ROSAT (short for Röntgensatellit, in German X-rays are called Röntgenstrahlen, in honour of Wilhelm Röntgen) is a defunct German Aerospace Center-led satellite X-ray telescope, with instruments built by Germany, the UK and the US. It was launched on 1 June 1990, on a Delta II rocket from Cape Canaveral,
on what was initially designed as an 18 month mission, with provision
for up to 5 years of operation. ROSAT actually operated for over 8
years, finally shutting down on 12 February 1999.
ROSAT is expected to re-enter
the Earth's atmosphere between October 21 and 23 2011. In February
2011, it was reported that the 2,400 kg satellite was unlikely to burn
up entirely while re-entering the earth atmosphere due to the large
amount of ceramics and glass used in construction. Parts as heavy as
400 kg could impact the surface intact.
These sites do on demand calculations of satellite position based on an observer's location and recent satellite elements (via NORAD).
Guide to viewing ROSAT in Orbit
Before re-entry, as with other satellites, ROSAT will be visible from occasionally depending on your location, satellite position and time of day. A satellite is potentially visible when it is lit by the sun, and is bright enough to be seen against the sky (the darker the sky the better). There is only a small window (near the satellite's orbital sunrise and orbital sunset) when it will be both lit by the sun and visible to an observer with a dark enough sky. Stand-alone and online software can assist in predicting visible passes of a satellite for your location.
The world map based visibility guide (see below) allows you to quickly get an estimate on whether you are near enough to be able to sight a visual pass.
Who does this?
Data and Simulation
These estimates and ranges very.
Current Projection & Prediction UTC (as at 21.8-Oct)
|| 23 OCT 13:24 UTC
|| ± 16h
|| 23 OCT 05:49 UTC
|| ± 24h
| Ted Molczan
|| 23 OCT 11:30 UTC
|| ± 12h
| Harro Zimmer
|| 23 OCT 07:21 UTC
|| ± 6h
| TS Kelso
|| 23 OCT 02:47 UTC
|| ± ?h
|| 23 OCT 11:00 UTC
|| ± 9h*
The atmospheric density and thus the re-entry times are heavily effected by Solar Flux, which has been predicted to rise above nominal levels in the coming week. This will lead to a decay earlier than expected by possibly a day or two.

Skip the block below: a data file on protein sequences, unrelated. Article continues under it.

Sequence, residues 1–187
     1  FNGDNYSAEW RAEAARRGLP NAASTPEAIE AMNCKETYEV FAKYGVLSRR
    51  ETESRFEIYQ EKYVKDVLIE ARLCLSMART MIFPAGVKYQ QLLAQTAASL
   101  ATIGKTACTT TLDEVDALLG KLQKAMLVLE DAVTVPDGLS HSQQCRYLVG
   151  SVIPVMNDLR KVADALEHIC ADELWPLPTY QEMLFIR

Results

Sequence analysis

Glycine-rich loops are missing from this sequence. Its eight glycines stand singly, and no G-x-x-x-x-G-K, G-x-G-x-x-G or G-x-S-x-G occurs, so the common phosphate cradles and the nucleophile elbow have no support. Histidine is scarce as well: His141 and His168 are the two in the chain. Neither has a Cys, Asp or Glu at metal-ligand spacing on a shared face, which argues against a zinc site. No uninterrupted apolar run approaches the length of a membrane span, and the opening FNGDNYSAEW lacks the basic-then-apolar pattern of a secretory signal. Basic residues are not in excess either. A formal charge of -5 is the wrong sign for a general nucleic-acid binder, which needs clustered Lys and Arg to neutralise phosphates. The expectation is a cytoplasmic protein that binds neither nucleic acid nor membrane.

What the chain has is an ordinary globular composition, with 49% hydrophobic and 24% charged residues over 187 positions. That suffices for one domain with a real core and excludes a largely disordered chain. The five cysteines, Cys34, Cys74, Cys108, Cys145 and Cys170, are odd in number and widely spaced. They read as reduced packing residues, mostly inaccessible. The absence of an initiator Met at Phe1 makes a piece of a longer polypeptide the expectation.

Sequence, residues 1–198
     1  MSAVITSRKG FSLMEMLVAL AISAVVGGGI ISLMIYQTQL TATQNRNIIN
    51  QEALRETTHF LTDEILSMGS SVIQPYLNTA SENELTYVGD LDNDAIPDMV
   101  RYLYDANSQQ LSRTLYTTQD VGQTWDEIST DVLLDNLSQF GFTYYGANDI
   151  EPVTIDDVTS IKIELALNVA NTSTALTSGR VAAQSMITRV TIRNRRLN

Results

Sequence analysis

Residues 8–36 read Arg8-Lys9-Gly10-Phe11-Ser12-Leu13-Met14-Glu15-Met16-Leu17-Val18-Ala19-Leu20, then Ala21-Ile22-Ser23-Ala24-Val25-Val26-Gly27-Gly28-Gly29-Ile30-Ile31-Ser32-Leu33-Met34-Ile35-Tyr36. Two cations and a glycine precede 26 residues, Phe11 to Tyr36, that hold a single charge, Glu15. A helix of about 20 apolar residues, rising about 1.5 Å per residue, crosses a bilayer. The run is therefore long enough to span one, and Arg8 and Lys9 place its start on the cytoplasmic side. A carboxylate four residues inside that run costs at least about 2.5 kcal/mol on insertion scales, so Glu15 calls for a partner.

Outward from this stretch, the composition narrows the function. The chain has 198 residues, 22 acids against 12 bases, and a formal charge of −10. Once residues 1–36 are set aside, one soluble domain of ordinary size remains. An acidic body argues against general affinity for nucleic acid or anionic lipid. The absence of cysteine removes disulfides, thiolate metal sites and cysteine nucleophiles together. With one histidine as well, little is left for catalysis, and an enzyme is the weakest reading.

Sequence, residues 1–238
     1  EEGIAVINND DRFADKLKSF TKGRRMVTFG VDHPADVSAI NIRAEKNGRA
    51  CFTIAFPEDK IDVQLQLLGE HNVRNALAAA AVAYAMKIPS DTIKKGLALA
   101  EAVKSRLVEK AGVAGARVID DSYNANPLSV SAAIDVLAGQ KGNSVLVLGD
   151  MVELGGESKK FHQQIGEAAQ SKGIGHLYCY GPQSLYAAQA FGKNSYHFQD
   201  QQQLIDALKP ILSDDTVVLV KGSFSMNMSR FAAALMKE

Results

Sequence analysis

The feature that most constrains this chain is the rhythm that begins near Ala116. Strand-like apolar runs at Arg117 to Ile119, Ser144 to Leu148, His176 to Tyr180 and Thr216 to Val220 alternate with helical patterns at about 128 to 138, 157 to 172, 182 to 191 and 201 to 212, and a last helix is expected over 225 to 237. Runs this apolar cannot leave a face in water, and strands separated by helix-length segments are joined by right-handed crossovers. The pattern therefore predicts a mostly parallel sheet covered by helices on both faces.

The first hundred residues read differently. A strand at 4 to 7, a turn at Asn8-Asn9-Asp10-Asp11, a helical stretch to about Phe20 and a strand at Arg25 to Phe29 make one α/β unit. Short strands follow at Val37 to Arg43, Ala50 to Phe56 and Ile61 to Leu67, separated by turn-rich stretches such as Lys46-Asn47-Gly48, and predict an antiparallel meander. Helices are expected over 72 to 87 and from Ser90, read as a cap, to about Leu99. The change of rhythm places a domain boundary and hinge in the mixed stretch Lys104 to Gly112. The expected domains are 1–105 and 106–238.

Count-down clock app (iPhone)
FAA issues NOTAM:
!FDC 1/9172 FDC .. SPECIAL NOTICE .. EFFECTIVE IMMEDIATELY
UNTIL 1110252359 UTC. AIRCRAFT ARE ADVISED THAT A POTENTIAL HAZARD MAY
OCCUR DUE TO REENTRY OF THE SATELLITE ROSAT INTO THE EARTH'S ATMOSPHERE.
THE FEDERAL AVIATION ADMINISTRATION (FAA) IS WORKING WITH THE
DEPARTMENT OF DEFENSE (DOD) AND THE NATIONAL AERONAUTICS AND SPACE
ADMINISTRATION (NASA) TO ENSURE THAT THE MOST CURRENT RE-ENTRY
INFORMATION IS PROVIDED TO OPERATORS AS QUICKLY AS POSSIBLE. FURTHER
NOTAMS WILL BE ISSUED IF SPECIFIC INFORMATION BECOMES AVAILABLE
INDICATING A UNITED STATES (US) AIRSPACE IMPACT. IN THE INTEREST OF
FLIGHT SAFETY, IT IS CRITICAL THAT ALL PILOTS/FLIGHT CREW MEMBERS REPORT
ANY OBSERVED FALLING SPACE DEBRIS TO THE APPROPRIATE ATC FACILITY AND
INCLUDE POSITION, ALTITUDE, TIME, AND DIRECTION OF DEBRIS OBSERVED. THE
DOMESTIC EVENTS NETWORK /DEN/ TELEPHONE 202-493-5107, IS THE FAA
Once the ROSAT reaches the height of 120 km (75 miles) above the Earth's surface it will have only around 30 minutes left before re-entry (less than one third of an orbit). Re-entry is generally accepted as commencing from orbit around at around 80km altitude. At this point the acceleration due to drag becomes appreciable (greater than 0.1G) thus causing further irreversible loss of altitude and increase in drag. At peak deceleration extreme heating, due to friction, and drag forces can destroy the objects integrity and disintegrate part or all of the object. This continues to around 45km altitude when the remaining objects have slowed and deceleration forces decrease. Remaining objects continue a ballistic trajectory, impacting the earths surface.
graph is a simple plot of observed perigee and apogee, plus a few days more of "calculated" perigee and apogees, superimposed with a numerical simulation of an object re-entering a standard atmosphere. The co-efficient of drag is adjusted to allow the graphs to follow closely for previous observed values, and then effectively extrapolated to the eventual re-entry of the object.
map (see above), is a guide to help identify global location that may get a visual on the orbiting satellite.
map shows an indicative path over which the decaying satellite travels as predicted around re-entry time.
At the end of the page is a Google Earth kml file that can be File->Opened to show the orbital tracks. Will try to update these with date/time stamps. This kml file may/will change as more updates are applied.
- The file
rosat.kml is path only (and ground path).
- A simple addition of time stamps on the location has been added for the file
rosat-vis.kml has (shortened) timestamps, yellow path for a Lit satellite (by the sun), cyan path for unlit, and a green stripe for the center path of a visible path (where sky is nautical twilight or darker).
- An quick
rosat-vis+live.kml experiment adding an AGI provided live location and combining with the above file.
- Using @ROSAT_Reentry orbit data directly
- Post analysis re-entry range
- Post analysis 3 hours prior to re-entry range
[Last Updated 2011-10-16 02:45GMT]
- Apogee : Furthest from Earth (within a particular orbit)
- Perigee : Closest approach to Earth (within a particular orbit)